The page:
In Focus

Pros and cons of vaccinating teenagers: the dilemma facing parents

A recent survey found almost half were either unsure about letting their children be jabbed or firmly against

“Any parent can be forgiven for feeling perplexed, if not alarmed,” said Paul McKay in the Daily Mail. Three weeks ago, the government publicly ruled out the vaccination of healthy children. Yet now the NHS is pushing “full steam ahead” with plans to offer all 16- and 17-year-olds a dose of the Pfizer jab.

But rest assured: there’s nothing sinister in this. The Joint Committee on Vaccination and Immunisation (JCVI) has just re-assessed its position in light of recent findings. Scientists are now confident the jab is safe for teenagers. And though it’s clear that the 1.4 million teens eligible for the jab are in very little danger of developing serious symptoms of Covid-19 themselves, they can still infect the vulnerable and unvaccinated.

The Delta variant is highly infectious and no one wants to see another surge in cases when schools return in the autumn. In short, the benefits far outweigh the costs. The latest guidance simply brings us into line with most other European countries… and rightly so.

The JCVI’s change of heart is welcome, but I’d go further still and offer the jab to all those over 12, said Deepti Gurdasani in The Guardian. That’s what they’re already doing in Canada, France and the US. This wouldn’t just check the spread of the disease: it would be for the children’s benefit, too.

Even for the young, Covid-19 isn’t just another “minor illness”. According to the Office for National Statistics, some 34,000 children under 18 are suffering from long Covid, more than 7,000 of whom have been living with it for more than a year. We also know the disease can have “long-term neurological effects” for hospitalised children, some quite possibly permanent.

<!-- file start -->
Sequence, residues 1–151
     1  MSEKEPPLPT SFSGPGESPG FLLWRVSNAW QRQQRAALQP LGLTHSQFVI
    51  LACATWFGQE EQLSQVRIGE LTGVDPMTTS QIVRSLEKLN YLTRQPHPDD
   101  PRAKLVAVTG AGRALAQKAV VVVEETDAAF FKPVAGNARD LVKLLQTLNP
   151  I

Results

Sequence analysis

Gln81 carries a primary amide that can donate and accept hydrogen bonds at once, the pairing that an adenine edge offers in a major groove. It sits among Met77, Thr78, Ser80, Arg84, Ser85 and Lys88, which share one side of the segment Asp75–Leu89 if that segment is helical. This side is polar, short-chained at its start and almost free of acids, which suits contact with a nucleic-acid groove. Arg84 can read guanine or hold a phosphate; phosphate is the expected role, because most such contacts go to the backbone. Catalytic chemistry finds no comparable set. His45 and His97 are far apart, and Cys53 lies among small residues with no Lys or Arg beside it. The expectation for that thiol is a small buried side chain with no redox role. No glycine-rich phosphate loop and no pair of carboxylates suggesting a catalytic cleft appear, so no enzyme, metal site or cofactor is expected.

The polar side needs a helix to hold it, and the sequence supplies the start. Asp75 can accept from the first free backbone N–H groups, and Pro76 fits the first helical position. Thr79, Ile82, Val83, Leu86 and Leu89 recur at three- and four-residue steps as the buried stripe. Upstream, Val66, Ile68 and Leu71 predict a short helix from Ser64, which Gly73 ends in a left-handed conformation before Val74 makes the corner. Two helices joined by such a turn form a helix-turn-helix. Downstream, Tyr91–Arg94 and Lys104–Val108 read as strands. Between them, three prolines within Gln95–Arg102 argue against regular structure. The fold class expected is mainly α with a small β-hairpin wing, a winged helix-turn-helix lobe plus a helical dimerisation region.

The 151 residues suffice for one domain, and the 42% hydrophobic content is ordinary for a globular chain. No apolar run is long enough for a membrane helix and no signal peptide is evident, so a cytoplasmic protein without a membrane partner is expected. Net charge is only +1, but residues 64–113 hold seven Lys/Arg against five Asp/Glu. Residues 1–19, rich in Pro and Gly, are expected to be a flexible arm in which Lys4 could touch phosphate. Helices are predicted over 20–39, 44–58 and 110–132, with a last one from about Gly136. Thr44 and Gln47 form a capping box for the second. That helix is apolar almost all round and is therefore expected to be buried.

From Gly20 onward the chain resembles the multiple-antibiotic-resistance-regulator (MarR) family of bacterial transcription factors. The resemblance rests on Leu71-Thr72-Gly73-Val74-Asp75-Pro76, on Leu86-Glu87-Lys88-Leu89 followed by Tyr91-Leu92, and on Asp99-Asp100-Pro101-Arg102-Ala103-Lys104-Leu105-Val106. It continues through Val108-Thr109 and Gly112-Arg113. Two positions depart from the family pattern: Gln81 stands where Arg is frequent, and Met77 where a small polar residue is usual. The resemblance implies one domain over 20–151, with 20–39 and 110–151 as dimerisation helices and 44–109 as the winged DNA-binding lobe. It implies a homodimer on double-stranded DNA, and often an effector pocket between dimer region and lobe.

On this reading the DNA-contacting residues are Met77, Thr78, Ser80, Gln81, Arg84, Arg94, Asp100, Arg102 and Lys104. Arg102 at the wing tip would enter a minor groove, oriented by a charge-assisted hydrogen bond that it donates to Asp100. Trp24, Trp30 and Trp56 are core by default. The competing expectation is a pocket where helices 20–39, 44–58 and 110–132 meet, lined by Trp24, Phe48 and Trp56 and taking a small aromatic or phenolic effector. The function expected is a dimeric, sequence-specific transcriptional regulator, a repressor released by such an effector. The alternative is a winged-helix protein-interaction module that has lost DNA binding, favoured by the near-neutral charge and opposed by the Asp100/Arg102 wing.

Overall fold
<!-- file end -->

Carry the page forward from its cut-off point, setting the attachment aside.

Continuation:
But parents remain suspicious, said David Cox in The Daily Telegraph. A recent survey found almost half were either unsure about letting their children be jabbed or firmly against. Not without reason: studies in the US have linked the Pfizer jab to cases of myocarditis or heart inflammation in the young. But in the end that shouldn’t deter us: we’re only talking of a handful of cases and most have been swiftly treated.

That small risk might nevertheless outweigh the even smaller risk of a child getting seriously ill with Covid, said The Sunday Telegraph. Which is why vaccinating children is no straightforward issue. Is it for their benefit or is it to protect older age groups? And if it becomes a precondition for international travel, won’t the decision to jab them become more for social than health reasons?

My reservations have more to do with priorities, said Alex Richter on The Conversation. How can we justify giving scarce vaccines to our teenagers, who are most unlikely to become seriously ill from the disease, when millions of vulnerable people around the world are still waiting for a first dose?

It’s not only unjust, it’s short-sighted. Viruses don’t need passports. If other nations can’t control the disease they’ll send it right back to us. The WHO has advised richer nations to hold off giving booster jabs until vaccines are more fairly shared. The same should surely apply to jabs for the young.

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